Useful tips and tools

Write down your actions in the farm diary

Don’t burden yourself with unnecessary paperwork

If most of your health and safety discussions are informal, it isn’t necessary to formally record them. you could, however, jot a few notes in your diary about what was discussed at a particular time and record any actions to be taken, and who is responsible. you might also note any discussions you have with people who are doing short-term work on farm, such as pickers, packhouse workers, spray contractors, fertiliser truck drivers, etc.

Planning to manage risk should not concentrate solely on injury. You must plan for the impact work can have on workers’ health, and the impact workers’ health can have on their work.

Why do any paperwork?

Paperwork can support good health and safety practice as a means of supporting memory, by helping to plan future work, and as a simple, easy-to-read reference sheet on actions you and others will take.

Is this enough?

Yes. There is no legal requirement to keep records about these types of conversations, nor is there any compulsion to have every visitor sign some paper each time they come on farm. Obviously, you need to know when people are on your farm. Your obligation is to understand the risks both parties bring to the farm, to work out how these are going to be managed, and to agree on who is managing what, and how. This doesn’t need to involve loads of paperwork.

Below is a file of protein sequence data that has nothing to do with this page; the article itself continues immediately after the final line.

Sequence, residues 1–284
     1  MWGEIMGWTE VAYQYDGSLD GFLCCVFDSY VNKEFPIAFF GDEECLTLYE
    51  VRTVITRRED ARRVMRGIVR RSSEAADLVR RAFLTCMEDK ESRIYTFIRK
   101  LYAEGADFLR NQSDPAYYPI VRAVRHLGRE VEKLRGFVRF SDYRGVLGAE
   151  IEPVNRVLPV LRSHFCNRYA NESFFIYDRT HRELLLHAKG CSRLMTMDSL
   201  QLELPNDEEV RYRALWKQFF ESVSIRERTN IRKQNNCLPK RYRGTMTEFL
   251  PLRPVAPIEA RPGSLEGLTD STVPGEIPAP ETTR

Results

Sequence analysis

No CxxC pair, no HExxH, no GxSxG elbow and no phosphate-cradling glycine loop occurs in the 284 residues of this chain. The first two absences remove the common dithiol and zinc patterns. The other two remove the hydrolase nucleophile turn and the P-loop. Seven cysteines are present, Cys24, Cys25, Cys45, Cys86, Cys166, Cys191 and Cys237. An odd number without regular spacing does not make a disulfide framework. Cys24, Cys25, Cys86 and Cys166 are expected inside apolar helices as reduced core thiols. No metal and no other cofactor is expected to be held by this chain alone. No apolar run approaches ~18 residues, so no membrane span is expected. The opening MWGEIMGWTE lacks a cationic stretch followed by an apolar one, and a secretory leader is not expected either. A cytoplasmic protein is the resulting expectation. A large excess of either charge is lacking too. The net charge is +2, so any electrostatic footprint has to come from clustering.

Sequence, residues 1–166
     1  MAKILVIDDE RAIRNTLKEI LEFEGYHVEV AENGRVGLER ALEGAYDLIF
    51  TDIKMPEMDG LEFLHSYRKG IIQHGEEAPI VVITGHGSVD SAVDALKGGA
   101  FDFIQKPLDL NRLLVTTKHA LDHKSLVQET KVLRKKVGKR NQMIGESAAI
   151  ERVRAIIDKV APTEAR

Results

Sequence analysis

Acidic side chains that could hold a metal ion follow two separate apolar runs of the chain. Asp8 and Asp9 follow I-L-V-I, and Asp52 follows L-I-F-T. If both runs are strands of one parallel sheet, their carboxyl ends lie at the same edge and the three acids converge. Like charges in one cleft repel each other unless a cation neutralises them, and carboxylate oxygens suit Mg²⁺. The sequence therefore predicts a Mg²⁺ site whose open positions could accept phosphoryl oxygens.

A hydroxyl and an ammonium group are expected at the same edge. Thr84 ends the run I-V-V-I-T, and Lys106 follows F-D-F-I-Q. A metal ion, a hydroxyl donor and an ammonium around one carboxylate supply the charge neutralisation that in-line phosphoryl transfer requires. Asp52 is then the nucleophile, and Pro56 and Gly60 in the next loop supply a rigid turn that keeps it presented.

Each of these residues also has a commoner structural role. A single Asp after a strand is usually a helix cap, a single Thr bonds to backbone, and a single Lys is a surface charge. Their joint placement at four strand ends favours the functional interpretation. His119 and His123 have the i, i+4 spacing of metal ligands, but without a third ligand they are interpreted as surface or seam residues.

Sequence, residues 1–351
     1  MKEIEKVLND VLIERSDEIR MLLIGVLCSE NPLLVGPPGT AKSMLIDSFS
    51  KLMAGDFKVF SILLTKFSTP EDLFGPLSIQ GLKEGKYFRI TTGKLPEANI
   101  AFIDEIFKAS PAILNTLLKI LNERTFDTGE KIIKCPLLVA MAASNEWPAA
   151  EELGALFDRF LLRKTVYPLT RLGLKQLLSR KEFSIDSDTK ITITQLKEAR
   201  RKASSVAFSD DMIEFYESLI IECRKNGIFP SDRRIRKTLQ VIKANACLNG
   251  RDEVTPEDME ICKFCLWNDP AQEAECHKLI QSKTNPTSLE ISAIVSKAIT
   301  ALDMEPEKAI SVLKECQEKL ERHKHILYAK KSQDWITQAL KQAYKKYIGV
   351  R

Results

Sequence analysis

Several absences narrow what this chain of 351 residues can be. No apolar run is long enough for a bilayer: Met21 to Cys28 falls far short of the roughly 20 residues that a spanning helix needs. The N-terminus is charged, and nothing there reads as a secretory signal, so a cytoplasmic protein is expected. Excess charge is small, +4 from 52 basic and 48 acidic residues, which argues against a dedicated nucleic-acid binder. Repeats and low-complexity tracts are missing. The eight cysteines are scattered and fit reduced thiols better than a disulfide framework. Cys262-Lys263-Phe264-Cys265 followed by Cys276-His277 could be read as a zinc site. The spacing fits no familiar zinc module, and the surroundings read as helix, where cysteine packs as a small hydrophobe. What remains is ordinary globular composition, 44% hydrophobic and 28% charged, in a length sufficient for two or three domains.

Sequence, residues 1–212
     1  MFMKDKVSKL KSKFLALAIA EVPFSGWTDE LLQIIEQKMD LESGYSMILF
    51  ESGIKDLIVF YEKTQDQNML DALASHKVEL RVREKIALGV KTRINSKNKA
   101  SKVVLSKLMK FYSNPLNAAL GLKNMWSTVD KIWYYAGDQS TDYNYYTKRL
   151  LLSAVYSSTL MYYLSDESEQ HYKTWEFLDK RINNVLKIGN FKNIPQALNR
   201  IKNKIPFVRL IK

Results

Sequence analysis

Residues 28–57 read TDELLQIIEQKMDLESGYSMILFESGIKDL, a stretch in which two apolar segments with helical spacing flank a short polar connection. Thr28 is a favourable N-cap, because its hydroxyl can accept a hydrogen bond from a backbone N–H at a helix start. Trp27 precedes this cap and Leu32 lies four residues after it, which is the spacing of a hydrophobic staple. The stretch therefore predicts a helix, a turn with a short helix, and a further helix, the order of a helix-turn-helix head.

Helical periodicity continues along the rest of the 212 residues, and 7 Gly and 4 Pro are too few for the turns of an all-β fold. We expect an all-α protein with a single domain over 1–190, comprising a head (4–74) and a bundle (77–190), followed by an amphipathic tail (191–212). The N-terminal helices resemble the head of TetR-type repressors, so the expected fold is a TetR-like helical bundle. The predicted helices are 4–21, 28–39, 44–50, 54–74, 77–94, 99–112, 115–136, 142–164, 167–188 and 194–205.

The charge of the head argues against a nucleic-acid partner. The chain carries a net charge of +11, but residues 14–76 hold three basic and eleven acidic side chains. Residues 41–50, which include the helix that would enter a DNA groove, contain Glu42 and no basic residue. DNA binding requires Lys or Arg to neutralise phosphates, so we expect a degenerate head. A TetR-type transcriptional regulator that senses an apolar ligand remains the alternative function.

tools and tips

What are farm rules?

Farm rules are very basic rules that you set for yourself and your workers about the way you want things to happen on your farm and the behaviours you all expect of each other.

Why farm rules are important

Farm rules create boundaries that you want people to work within, they set your expectations as a farm owner/manager and make it clear to people on your farm what you will or will not tolerate.

What should they look like?

How they look is up to you. Record the rules in short and simple sentences. You might have rules for different parts of the farm – shed rules, vehicle rules, general behaviour rules, or you might have one set for everything.

Here are some examples
  • Watch out for each other – speak up if you think something is dangerous.
  • No untrained people to drive farm vehicles.
  • Farm speed limit is 30 kph – no exceptions.
  • No vehicles in ‘no-go’ zones – see red areas on farm map.
  • always wear helmets on two wheelers and quad bikes.
  • PTO shafts must always be guarded.
  • Wear helmets, ear muffs and chaps when using a chain saw.
  • Handlers using chemicals must be certified or supervised and must always wear protective equipment.